How to monitor a teacher's lesson?

azkado

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Hello dear forum members,

I would like you to shed light basically on the issue of routinely monitoring teacher perfomance. I am in charge of superivsing and evaluating the teacher-student performance throughout the lesson. However, the problem is that whenever an 'outsider' is seen in the classroom things get comlicated and are not as they should be.
I would be much grateful if you could share your experience as a teacher or a supervisor.
Questions for teachers:
1. Is it normal for you to see someone in your classroom watching it throughout the lesson (just for evaluation reasons?
2. Do feel comfortable if supervisors attend your lesson continuously?

Questions for supervisors:
1. Do you think it is important to stay from the very beginning of the lesson till the end if you wish to get the general picture and be able to make your critical and objective evaluation?
2. What would you suggest to improve the quality of teacher performance?

I am looking forward to your soonest replies.
Thank you so much.
 

emsr2d2

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Although I don't teach in a classroom setting any more, when I did, I wouldn't have liked having someone observe me in a lesson but I would have understood why it was necessary and I would have put up with it. I would expect the observer to sit in on the lesson from beginning to end to see how the teacher deals with the students from the moment they walk through the door until the moment they leave.
 

azkado

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Dear teachers and friends, I would appreciate it very much if you could share your experience so that we could arrive at a sound conclusion regarding the issue of teacher evaluation. Your helpful pieces of advice or stories you post in this forum would also contribute to further research work in this area.
Please, accept my humble gratitude for your support.
 

jutfrank

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As an experienced teacher and teacher trainer, I feel I can answer your questions quite reliably.

Questions for teachers:
1. Is it normal for you to see someone in your classroom watching it throughout the lesson (just for evaluation reasons?
2. Do feel comfortable if supervisors attend your lesson continuously?

1. Yes, it's a routine and necessary part of the job.
2. Largely, no. Very few teachers feel completely comfortable with this. Even very experienced ones.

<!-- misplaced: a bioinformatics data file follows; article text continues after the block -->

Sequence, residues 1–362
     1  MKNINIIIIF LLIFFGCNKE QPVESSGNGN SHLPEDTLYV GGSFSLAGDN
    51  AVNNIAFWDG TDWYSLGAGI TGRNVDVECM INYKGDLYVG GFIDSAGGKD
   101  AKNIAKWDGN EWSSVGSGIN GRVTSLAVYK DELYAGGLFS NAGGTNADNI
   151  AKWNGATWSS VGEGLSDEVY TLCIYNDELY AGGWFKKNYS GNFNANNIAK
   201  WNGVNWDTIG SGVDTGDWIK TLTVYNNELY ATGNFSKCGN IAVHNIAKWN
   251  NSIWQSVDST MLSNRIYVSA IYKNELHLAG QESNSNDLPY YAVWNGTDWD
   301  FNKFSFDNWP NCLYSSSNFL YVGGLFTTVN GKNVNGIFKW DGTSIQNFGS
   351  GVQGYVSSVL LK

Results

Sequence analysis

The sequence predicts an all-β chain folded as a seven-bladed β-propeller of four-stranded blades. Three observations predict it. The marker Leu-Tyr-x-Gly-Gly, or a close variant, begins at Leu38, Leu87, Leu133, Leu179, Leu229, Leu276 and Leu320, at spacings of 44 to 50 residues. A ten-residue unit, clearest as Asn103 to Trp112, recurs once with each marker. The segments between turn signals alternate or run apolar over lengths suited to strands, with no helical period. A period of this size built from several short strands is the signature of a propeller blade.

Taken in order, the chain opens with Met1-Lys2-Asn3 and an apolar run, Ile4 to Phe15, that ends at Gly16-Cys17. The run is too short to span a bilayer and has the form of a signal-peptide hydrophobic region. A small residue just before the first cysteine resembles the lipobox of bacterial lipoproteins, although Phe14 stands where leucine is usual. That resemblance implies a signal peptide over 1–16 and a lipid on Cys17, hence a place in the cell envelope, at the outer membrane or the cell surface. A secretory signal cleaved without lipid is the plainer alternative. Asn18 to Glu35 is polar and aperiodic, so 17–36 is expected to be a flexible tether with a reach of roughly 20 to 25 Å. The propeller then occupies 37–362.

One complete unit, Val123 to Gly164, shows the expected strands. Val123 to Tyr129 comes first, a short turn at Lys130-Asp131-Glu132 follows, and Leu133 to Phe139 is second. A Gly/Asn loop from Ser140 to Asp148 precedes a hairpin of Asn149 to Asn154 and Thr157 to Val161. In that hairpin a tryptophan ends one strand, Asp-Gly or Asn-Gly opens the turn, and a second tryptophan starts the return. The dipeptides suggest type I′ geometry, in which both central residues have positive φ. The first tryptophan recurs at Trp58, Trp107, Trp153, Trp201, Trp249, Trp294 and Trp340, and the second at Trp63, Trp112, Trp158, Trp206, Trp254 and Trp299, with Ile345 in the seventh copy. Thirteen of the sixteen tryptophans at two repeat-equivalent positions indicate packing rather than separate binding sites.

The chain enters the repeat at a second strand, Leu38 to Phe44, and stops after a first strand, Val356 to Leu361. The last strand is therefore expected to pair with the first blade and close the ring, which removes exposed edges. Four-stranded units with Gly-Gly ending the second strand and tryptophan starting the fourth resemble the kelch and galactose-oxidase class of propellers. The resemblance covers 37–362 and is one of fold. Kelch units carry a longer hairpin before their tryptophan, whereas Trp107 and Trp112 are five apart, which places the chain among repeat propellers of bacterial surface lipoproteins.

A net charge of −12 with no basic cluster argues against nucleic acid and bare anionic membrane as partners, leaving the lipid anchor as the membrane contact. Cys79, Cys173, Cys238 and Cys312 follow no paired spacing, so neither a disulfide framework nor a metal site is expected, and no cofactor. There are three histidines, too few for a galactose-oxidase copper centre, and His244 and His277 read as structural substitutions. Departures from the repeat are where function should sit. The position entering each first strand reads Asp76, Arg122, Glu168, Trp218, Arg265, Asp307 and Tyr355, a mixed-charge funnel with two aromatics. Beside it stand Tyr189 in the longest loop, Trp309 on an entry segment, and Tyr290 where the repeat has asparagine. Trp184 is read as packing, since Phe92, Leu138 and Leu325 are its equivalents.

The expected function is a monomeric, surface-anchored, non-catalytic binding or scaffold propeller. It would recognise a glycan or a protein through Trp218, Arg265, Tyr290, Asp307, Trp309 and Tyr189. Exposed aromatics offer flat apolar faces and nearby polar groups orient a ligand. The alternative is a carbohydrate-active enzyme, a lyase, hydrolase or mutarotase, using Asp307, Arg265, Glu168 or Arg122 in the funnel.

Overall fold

Questions for supervisors:
1. Do you think it is important to stay from the very beginning of the lesson till the end if you wish to get the general picture and be able to make your critical and objective evaluation?
2. What would you suggest to improve the quality of teacher performance?

1. It really depends on why exactly you are observing. It's okay to pop into a class for just ten minutes if you only want to get an idea of how things are going, but of course, if you want the whole picture, you need to see the whole lesson. (A way around this is to ask teachers to submit their lesson plans.) It's less disruptive for the class, too, when you don't have to walk into the room while the lesson is in progress.

2. At my school we have a programme of teacher development sessions. This involves talks on improving teaching skills, using different methodologies, swapping ideas for activities, comparing and sharing experiences, etc. I think it's also very important for teachers to take the opportunity to reflect on their own performances. This can be done in several ways. In the past, I have filmed myself teaching lessons. Although this is often quite uncomfortable to watch back, it can be a really valuable and interesting way to self-evaluate, without the need for an 'intrusive' supervisor sitting in the room.
 

jutfrank

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I would appreciate it very much if you could share your experience so that we could arrive at a sound conclusion regarding the issue of teacher evaluation.

I don't know what kind of conclusion you want to draw. Read Piscean's post #4 very carefully.

If I was to reiterate one thing mentioned in that post, it would be the importance of learning outcomes: A good lesson is much more about the learning that takes place than about the teacher's performance.

As an observer, ask yourself at the end of the lesson: What did the students learn from the lesson? How do you know that they did?
 
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